Outside of the growing season, soil should be completely dry. This is because the bulb should dry out when it is dormant. That way it will not rot, and the plant will be able to bloom again the next season.
A really cool aspect of the dutch iris is the fact that is can grow entirely in water instead of soil. That is one flood tolerant plant!
The dutch iris is a plant that will always appreciate appreciate the opportunity to grow in full sun conditions, though they are tolerant to partial shade.
That being said, they will probably experience their most productive growth season if they are able to exist in all day sun.
Dutch irises can exist in USDA growing zones 5 through 9. In areas of the world that experience colder winters, the dutch iris will act as an annual – where it will experience its entire life cycle before the winter comes.
In areas of the world that experience warmer winters, the dutch iris will act as a perennial – where the underground bulb will survive but simply go dormant in the winter. It will blossom again the following growing season.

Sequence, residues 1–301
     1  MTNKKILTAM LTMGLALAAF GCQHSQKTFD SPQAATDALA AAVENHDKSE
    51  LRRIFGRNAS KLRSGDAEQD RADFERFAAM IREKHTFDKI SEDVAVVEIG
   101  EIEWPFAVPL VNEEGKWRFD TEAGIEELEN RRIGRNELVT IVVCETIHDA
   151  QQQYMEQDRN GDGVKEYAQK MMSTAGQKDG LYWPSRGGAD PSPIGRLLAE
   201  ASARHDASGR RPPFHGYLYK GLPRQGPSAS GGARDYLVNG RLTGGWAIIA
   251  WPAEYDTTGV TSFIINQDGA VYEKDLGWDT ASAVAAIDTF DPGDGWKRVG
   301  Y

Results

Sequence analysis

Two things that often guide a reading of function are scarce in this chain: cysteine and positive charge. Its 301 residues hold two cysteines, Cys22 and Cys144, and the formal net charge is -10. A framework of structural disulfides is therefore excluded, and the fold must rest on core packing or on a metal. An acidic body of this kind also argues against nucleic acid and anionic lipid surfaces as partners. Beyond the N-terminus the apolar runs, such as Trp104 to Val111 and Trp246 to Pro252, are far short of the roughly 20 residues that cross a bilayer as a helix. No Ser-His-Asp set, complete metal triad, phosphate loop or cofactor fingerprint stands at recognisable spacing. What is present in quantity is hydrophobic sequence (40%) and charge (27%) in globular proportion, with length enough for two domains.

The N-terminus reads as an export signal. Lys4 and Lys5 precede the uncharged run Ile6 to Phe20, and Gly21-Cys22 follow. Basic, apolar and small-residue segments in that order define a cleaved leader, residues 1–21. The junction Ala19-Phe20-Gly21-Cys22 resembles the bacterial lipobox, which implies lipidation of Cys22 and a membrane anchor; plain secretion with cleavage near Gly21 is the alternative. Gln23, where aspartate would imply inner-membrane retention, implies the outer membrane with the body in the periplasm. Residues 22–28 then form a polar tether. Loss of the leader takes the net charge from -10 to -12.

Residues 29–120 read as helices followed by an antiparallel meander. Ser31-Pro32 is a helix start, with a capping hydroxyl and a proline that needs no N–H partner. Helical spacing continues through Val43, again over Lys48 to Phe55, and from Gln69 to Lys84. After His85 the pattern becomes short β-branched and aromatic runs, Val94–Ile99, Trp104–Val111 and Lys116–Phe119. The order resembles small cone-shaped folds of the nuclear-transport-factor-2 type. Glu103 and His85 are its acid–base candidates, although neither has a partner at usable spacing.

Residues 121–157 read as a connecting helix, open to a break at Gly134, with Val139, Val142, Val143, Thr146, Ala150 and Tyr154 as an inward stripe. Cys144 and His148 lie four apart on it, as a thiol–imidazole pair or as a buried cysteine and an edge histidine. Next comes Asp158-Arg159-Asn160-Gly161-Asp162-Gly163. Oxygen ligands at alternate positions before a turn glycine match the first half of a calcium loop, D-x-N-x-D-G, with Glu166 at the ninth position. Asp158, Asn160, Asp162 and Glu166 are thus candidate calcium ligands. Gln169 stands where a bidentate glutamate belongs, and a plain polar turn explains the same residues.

Prune a dutch iris if you are intent on it having a second bloom. Simply do this by removing the spent iris flowers. Be careful to leave as much as the flower stem and leaves as possible.
Otherwise, simply remove leaves that have begun to yellow to help keep the energy going to the areas of the plant that are still surviving.
Though not at all necessary, dutch irises appreciate a low-nitrogen fertilizer right at the beginning of their growing season.
If it wasn’t clear already, the dutch iris is wonderfully tolerant to almost everything. The main thing to remember is that the are shade intolerant, but otherwise, it is very easy to keep them happy!
How are Dutch Irises Used?
The dutch iris makes for the perfect ornamental perennial plant. Their resilient bulbs can planted very early on in the year in greenhouses as they flower early, making them very popular among gardeners and florists alike.
Their height and showy flowers make for a wonderful border plant, and their easy care allows them to exist in all different kinds of places — like urban gardens, as container plants, or even indoors in a water vase.